My goal for the morning was to visit Oude Touer: the tower which remained after the Germans plastered the rest of the cathedral.  A side note:  the Dutch are skilled at finding new reasons to dislike the Germans, but the pure devastation of World War II continues to resonate here.  Which was really only the latest reason to hate the Germans.

I got a look at the tower, though the interior was being renovated and the new cathedral was holding mass.  Given all that, I decided it was time to fortify, and got a very nice breakfast at a place on the tower square.  Oh, and coffee.  Phew.  Disaster averted.

Next stop:  The Hague.  Deja vu, all over again.....

Thursday, September 26, 2019

Phase 1: Arrival (or, 'Wait....what?!)

hase 1:  Arrival
I always forget how much I hate space travel.  On a 9 1/2 hour flight, I go back and forth:  is it better just to get there and get on with it, or do I take the layover and give my $## a break?  Obviously this becomes a theoretical exercise once you're miles above Greenland.  Plus, hooray!  A middle seat, which pretty much guarantees 'no sleep.'  I did watch 3 movies, though....couldn't tell you which ones, but I did watch them.

Suffice it to say, I showed up in Amsterdam a bit of a wreck:  poorly watered, awfully tired, pretty hungry and having a little difficulty standing up.  And the pack's good and burly.  Yasss.  Oh, also, the exchange rate at the Portland Airport was ludicrous to the point where I suspect that I misunderstood something.  So, I'm there with no cash.  None of these is a crisis, but some take longer than others to remedy.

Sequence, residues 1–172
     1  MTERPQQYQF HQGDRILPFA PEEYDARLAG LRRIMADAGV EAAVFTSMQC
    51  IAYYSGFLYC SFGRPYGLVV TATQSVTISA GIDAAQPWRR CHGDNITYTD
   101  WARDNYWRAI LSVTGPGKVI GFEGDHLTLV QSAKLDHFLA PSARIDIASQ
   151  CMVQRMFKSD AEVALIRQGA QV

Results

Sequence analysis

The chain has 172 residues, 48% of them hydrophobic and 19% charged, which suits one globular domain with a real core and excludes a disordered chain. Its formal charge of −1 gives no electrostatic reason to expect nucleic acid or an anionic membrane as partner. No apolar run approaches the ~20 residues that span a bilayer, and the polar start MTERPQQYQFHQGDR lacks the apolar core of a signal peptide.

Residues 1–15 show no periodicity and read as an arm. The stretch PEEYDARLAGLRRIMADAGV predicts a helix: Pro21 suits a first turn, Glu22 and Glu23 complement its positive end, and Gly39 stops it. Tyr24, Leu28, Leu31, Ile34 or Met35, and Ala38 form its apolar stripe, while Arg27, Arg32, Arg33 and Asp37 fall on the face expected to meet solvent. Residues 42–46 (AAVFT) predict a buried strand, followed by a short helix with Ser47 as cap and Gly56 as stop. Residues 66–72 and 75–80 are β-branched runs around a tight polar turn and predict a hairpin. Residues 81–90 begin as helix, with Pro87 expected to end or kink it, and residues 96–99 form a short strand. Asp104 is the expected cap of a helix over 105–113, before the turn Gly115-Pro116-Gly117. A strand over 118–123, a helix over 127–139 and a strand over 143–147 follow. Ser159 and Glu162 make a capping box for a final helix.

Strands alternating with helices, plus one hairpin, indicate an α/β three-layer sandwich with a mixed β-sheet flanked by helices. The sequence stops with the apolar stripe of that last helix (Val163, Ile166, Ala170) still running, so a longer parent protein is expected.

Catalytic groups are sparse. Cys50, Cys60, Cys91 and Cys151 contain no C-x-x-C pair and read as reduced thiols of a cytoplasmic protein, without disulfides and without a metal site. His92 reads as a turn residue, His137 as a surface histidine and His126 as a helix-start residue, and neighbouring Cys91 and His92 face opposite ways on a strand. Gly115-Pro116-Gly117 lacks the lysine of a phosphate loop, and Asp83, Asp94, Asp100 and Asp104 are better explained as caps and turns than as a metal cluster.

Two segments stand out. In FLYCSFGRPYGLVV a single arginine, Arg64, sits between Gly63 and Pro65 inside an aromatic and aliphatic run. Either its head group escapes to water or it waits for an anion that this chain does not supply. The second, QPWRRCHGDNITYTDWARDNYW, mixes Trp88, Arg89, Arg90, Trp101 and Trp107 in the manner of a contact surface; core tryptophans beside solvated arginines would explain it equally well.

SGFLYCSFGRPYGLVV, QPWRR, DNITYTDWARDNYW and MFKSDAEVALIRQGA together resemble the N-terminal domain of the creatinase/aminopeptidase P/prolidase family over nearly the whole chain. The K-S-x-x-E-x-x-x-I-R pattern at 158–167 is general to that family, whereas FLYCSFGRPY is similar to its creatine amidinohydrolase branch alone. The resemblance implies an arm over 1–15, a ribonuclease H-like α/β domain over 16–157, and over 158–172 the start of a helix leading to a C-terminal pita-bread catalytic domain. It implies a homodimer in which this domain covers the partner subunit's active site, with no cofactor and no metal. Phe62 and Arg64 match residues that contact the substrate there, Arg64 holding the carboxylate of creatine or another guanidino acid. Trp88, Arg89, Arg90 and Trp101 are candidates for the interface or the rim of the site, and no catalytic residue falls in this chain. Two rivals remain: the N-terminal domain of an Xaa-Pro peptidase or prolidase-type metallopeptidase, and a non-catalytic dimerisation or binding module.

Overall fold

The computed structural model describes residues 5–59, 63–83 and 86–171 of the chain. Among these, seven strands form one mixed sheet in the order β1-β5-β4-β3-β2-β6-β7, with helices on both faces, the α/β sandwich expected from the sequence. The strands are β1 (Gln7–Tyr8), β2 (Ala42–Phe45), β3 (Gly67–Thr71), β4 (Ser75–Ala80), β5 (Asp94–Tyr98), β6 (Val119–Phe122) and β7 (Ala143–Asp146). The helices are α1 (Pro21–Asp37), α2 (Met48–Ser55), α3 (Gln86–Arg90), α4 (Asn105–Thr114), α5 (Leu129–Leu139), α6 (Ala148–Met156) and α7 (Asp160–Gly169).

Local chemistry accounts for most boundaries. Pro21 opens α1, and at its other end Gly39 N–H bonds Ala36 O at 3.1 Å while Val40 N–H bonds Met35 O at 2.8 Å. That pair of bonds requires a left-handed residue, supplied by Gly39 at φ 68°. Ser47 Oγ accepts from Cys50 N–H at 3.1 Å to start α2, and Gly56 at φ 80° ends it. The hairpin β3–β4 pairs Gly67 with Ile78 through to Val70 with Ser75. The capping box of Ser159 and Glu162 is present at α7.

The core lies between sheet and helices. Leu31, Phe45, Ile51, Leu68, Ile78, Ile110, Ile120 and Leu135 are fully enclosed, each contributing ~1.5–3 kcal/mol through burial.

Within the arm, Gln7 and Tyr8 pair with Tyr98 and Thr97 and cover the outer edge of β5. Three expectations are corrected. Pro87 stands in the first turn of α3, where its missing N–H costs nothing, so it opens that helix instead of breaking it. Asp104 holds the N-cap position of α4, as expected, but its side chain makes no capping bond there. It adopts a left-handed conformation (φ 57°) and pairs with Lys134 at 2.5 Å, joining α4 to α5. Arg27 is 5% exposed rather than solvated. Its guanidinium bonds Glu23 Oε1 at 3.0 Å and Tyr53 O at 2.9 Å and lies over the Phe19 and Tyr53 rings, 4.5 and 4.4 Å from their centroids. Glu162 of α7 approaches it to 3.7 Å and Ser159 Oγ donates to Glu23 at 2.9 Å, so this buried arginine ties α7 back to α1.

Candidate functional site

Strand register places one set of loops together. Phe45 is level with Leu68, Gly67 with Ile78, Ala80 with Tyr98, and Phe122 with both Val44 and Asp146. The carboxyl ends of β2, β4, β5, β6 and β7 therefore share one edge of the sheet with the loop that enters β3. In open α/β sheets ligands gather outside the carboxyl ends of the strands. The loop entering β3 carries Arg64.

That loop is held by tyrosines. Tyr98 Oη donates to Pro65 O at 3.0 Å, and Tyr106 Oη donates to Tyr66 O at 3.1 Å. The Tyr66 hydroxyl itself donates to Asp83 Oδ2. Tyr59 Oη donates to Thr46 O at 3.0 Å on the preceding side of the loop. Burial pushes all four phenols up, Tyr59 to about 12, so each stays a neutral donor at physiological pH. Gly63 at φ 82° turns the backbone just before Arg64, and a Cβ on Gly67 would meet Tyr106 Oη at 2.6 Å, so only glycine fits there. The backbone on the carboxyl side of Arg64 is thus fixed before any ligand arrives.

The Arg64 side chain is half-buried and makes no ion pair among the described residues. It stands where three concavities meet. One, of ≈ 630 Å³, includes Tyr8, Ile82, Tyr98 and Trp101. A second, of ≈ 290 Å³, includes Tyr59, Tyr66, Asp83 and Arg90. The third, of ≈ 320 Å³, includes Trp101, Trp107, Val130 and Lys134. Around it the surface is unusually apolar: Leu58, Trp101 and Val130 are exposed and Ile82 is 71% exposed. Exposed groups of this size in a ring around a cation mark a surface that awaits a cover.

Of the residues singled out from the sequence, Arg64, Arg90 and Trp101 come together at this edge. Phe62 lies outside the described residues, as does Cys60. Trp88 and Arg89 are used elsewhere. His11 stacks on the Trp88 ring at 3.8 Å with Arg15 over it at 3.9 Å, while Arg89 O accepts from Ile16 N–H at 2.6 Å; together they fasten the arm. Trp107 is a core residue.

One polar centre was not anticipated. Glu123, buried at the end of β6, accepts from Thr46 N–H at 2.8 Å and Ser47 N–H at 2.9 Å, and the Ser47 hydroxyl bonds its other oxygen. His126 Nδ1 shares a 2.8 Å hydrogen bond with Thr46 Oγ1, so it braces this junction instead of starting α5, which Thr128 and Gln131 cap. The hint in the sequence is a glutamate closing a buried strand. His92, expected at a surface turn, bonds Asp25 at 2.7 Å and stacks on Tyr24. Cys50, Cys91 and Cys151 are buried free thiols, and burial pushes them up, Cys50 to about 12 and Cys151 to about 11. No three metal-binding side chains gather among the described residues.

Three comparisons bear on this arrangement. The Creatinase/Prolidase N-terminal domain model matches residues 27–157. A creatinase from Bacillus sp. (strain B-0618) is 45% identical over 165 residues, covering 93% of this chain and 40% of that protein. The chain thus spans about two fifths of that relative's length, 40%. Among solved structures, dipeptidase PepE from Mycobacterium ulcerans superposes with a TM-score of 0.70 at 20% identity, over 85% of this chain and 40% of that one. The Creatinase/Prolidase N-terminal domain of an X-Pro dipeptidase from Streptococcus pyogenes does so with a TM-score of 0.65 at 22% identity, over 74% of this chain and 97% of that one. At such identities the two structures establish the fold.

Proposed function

My first planned stop was the bike rental place in The Hague (Den Haag [which means The Hedge {referring to someone's old hunting lodge where the 7 provinces discussed unification in the 1500s}]).  That would be 2pm at the latest, after which I'd get to my first night in Utrecht.

In the planning, I thought I might take some time in Amsterdam that first day, you know, take a canal tour, see some Rembrandts.  Then go The Hague.  Except, The Hague and Amsterdam are in opposite directions from the airport.  Throw in all the rest of this mony/food/sleep stuff and, hey, remember to add time for getting lost.  Plus, man, this pack....

Right.  The Hague it is.

Got there with no trouble, found the bike place, paid for my 2-week rental, and kind of tottered my way back to the central train station.  The bike, as it happens, weighs about as much as my pack.  For the unwary and sleep-deprived (hi), this is a nice experiment in dynamic centers of gravity.  No hi-jinks ensue, fortunately.

Back at Den Haag Centraal Station, I learned that:

-nobody likes VISA, or even credit cards, here. But definitely not VISA.  Mastercard is OK.  AmEx to some extent.  But only VISA debit cards in the train ticket machines.  Credit cards are only usable with live customer service people.  Did I wind up in Japan somehow?
-taking your bike on the train costs almost as much a second ticket.  So much for renting in The Hague and then taking the bike with me everywhere.....
-oh, you can rent bikes from almost every train station in the Netherlands, for $4 a day.  Saved!  I'll park my bike here in The Hague while I figure things out in tired.  Now on 30 hours with no sleep...
-most Dutch banks are on different ATM networks from mine. No cash for me here.
-public toilets here at the train station are coin-op.

Hmm.  Time to get out of The Hague...